Found in 9 Collections and/or Records:
Note collected from Roderick MacNeil, Miùghlaigh/Mingulay which reads, 'Crois an t suichain [Crois an t-Suidheachain] where the priest used to say mass in the olden times.'
Note about the island Eilean Mhunde [Earra Ghàidheal/Argyllshire] that it is connected to Saint Munn and that half of it belongs to Callart and half to Bailchaolais [Ballachulish]. Carmichael notes that 'They used to hear prayers on Sgeir a Phobiull at night ...& music of a beaut[iful] kind as of sweet voic[e]d saints'. There is a ruined fort on the top of the island.
Note about worship by druids in the Outer Hebrides including a description of the worship on sìthean [fairy hills] and their burning of fires there. Also lists the various festivals which they would celebrate and that they influenced the naming of fairy hills. Carmichael notes the fairy hill at Fi-leum Stronnd [Srannda/Strond, Na Hearadh/Isle of Harris] and to ask a woman called Beathag in Berneray [Beàrnaraigh] about Croc-sonari there.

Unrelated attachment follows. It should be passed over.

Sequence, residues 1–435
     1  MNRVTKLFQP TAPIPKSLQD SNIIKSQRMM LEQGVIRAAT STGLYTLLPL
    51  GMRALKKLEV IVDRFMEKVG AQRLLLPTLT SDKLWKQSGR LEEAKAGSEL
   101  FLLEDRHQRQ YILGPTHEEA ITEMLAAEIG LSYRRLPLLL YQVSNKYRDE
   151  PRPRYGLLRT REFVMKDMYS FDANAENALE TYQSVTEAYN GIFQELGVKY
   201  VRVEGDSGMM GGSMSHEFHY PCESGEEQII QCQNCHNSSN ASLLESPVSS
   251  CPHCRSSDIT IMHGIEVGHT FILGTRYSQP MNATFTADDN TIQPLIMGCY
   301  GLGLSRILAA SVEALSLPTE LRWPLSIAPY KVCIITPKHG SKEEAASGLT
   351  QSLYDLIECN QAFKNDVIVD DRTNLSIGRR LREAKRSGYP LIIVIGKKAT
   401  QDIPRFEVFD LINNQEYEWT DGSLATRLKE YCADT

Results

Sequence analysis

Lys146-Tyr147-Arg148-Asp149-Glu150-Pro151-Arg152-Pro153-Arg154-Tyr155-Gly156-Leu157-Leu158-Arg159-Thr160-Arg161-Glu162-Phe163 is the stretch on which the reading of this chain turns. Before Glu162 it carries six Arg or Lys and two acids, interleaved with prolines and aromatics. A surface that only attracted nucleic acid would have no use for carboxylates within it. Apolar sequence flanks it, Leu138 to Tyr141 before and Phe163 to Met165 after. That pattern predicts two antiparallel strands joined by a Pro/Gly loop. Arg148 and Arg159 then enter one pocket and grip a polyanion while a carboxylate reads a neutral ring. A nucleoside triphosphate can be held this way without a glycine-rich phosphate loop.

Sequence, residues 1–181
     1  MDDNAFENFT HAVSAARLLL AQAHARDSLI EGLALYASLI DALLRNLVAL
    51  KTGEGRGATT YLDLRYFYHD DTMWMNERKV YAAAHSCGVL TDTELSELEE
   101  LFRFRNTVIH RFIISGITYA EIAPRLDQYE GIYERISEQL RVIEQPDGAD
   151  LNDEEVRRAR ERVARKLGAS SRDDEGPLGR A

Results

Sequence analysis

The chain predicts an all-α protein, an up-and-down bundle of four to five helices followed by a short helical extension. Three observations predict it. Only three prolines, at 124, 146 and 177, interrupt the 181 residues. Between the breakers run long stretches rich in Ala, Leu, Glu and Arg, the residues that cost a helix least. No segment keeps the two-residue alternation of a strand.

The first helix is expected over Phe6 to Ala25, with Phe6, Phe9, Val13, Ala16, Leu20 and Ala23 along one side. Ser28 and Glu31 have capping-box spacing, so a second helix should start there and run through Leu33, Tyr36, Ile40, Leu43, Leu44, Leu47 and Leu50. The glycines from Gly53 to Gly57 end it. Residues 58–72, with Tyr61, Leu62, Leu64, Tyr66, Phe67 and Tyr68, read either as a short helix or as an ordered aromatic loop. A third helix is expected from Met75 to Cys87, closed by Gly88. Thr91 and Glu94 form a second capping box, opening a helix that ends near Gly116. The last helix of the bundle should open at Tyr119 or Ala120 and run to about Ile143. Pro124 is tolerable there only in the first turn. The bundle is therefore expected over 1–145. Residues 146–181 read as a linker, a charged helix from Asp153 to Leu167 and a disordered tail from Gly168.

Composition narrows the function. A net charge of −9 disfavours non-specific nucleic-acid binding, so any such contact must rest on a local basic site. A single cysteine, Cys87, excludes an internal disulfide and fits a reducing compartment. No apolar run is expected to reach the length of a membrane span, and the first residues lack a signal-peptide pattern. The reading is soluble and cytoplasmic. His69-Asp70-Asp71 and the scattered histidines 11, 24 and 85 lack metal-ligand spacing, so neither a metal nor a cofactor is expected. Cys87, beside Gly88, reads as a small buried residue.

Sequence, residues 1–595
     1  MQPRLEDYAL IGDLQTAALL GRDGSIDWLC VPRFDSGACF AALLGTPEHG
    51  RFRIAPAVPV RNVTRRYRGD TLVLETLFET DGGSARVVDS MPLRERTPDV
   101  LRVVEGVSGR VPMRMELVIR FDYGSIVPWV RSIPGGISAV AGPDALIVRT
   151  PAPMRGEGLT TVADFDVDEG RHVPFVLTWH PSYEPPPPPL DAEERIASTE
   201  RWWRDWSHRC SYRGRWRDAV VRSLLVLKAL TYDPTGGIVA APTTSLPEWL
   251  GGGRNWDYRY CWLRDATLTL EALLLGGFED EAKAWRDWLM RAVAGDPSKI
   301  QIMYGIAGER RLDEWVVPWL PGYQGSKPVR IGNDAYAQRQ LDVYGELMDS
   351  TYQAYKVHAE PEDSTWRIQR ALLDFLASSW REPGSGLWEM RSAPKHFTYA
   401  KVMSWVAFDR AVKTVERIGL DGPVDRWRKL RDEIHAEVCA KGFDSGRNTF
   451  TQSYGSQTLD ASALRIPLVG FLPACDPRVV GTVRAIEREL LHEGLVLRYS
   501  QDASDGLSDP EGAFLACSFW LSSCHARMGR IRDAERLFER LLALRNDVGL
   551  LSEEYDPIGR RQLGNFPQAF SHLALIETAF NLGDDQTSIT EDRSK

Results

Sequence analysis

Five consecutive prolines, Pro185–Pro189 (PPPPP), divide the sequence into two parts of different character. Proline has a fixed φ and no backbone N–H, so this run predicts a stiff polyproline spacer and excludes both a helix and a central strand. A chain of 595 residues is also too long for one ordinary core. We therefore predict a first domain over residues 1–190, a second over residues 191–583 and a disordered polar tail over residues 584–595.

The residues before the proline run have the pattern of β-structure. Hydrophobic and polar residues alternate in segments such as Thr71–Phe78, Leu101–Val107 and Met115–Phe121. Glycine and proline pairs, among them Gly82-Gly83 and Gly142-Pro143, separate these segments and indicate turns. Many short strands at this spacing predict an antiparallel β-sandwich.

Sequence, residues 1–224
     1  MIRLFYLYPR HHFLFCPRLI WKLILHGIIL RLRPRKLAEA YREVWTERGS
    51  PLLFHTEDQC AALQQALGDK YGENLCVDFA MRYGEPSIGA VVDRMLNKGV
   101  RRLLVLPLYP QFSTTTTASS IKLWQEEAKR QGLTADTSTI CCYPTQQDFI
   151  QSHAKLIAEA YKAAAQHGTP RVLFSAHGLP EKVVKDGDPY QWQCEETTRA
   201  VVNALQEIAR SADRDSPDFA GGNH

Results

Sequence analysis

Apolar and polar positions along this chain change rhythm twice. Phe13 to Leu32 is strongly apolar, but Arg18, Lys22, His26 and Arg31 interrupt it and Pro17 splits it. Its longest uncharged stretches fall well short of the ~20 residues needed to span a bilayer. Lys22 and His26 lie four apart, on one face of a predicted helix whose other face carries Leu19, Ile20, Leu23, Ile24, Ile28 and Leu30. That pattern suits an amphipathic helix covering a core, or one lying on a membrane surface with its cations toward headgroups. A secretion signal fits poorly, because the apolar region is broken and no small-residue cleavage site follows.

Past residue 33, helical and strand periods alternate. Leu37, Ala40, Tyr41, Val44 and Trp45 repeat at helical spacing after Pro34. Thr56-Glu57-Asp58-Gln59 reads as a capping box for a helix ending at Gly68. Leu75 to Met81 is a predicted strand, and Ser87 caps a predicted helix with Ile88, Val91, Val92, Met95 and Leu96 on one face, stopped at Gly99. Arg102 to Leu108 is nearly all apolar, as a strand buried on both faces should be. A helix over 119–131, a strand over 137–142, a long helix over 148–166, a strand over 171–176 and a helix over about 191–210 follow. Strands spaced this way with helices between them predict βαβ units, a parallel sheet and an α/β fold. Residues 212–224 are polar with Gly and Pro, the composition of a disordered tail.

Place-name note probably collected from Roderick MacNeil, aged 88, crofter, Miùghlaigh/Mingulay for which reads 'Crois-an-t suidheachain. A place the priests had for perform[ing] div[ine] worship. Leapanan Chaluim Chille is close at hand.' Carmichael adds a reminder to 'See cross at Dunganich' [Dùn Gainmhich/Dunganichy Beinn na Faoghla/Benbecula].
Story collected from Hector MacLeod, aged 85, at Caisteal Bhuirgh/Borve Castle, Lionacleit/Linaclate, Beinn na Faoghla/Benbecula telling how when he was about twelve years old [c1798] he remembers the old people going to the tota [tobhta or ruin] at Bail-uachdrach [possibly Kenuachrach] to say their paidir as a pearsa eaglais [priest] was not able to come every Sunday. This suggests that the ruin was originally a church.
No author, date, or title. It has been noted in previous historical records by the first line of the text: U-urramaich ge d' is mòr mo bharail do ghliocas, which translates as 'Your honour, although my opinion of your widsom is great'. It appears to be religious in tone, perhaps an address to God.